Writing More Than a Few Words: A fun blog with great visuals and interesting fashion tips and advice

A New Thing Every Day: This has been a fun blog to follow. I especially loved her letter to her mayor about the importance of libraries.

Sweetandweak: This blog makes me laugh out loud

Sticky Notes and Quotes: What can I say? I’m a sucker for a good quote!

Truth and Cake: Thoughtful and fun to read

And finally, something I have been up to: My husband and I are trying to work out the details to go on a summer vacation – maybe Spain. If so, this may turn into a travel and photo blog for about a week. 🙂

Thanks again to FortheLoveofBooks, Life With the Top Down and C’est La Vie for the recognition and for all your support since I started this journey.

27 Comments

Filed under Awards

Why Can’t We All Just Get Along? Dividing Women Does Not Serve Anyone

There was an opinion piece in the Opinionator section of the New York Times, which is their online commentary section, entitled “Mommy Wars Redux: A False Conflict.” This article includes a critique of a book that was recently translated into English called “The Conflict: How Modern Motherhood Undermines the Status of Women,” by Elisabeth Badinter.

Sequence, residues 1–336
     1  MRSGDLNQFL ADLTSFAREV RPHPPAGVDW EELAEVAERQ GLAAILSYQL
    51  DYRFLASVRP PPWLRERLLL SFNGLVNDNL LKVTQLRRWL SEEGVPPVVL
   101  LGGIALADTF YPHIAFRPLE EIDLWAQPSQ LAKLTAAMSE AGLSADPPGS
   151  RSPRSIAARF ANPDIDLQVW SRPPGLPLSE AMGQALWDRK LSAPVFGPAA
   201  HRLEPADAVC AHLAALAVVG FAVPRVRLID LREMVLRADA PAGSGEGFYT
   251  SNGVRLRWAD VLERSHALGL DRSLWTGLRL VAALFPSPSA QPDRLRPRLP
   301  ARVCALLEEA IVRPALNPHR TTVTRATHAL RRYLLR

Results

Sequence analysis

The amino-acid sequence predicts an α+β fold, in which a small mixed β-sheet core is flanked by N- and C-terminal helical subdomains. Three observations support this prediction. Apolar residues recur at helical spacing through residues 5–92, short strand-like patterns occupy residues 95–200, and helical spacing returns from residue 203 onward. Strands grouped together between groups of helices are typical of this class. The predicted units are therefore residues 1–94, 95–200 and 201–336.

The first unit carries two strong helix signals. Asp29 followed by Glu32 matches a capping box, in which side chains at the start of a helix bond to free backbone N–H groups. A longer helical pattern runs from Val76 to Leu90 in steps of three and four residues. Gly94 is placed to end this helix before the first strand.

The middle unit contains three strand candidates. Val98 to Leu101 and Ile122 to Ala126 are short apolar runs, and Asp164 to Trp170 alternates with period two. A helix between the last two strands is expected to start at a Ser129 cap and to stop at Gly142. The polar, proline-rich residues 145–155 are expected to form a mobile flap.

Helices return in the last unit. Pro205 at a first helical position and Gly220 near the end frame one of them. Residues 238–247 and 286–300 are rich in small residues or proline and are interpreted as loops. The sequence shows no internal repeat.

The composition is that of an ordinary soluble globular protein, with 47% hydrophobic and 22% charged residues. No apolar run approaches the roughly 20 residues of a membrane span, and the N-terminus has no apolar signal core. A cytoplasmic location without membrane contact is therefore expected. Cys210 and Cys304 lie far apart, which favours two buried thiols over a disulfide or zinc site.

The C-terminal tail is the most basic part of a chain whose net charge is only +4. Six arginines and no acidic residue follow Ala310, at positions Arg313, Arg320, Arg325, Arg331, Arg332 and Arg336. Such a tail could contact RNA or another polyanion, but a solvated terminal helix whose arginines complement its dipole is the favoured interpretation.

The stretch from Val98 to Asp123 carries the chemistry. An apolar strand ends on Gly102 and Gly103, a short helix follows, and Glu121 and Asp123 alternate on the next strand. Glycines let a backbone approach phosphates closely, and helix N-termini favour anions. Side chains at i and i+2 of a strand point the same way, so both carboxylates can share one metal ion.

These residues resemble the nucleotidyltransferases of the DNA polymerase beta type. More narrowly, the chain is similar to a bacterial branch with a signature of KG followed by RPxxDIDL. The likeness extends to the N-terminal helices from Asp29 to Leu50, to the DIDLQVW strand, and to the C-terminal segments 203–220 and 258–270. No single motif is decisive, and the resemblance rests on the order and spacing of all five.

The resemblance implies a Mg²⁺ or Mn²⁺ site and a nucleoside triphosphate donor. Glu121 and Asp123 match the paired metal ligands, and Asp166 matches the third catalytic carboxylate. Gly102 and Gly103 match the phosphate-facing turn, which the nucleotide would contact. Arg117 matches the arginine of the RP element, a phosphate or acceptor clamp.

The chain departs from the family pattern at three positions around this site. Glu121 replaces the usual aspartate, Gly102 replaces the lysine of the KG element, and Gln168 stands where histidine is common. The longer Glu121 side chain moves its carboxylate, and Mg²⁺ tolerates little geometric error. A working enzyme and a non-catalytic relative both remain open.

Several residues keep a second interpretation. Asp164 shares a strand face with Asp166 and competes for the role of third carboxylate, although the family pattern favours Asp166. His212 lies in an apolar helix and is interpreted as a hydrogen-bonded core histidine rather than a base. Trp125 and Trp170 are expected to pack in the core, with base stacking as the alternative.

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As a woman, I can’t help but feel that all of the seemingly-fabricated conflicts trying to pit stay-at-home moms against working moms or against working women who are not mothers, feels like an intentional effort to divide women along class lines.

The truth is that most women do not have a choice whether or not to work outside the home in order to provide for their children. And some women who do have a choice, make the choice to work because they believe that outside intellectual stimulation can help make them better parents.

While the article in the New York Times is fairly academic, I appreciated this statement, which rings true for me:

…under current social, economic, and cultural conditions, no matter what one chooses, there will be costs: for stay at home mothers, increased economic vulnerability and dependence on their spouses, which can decrease their exit options and thus their power in their marriages; for working mothers, the high costs of quality child care and difficulty keeping up at work with those who either have no children or have spouses at home taking care of them, which exacerbates the wage gap and keeps the glass ceiling in place.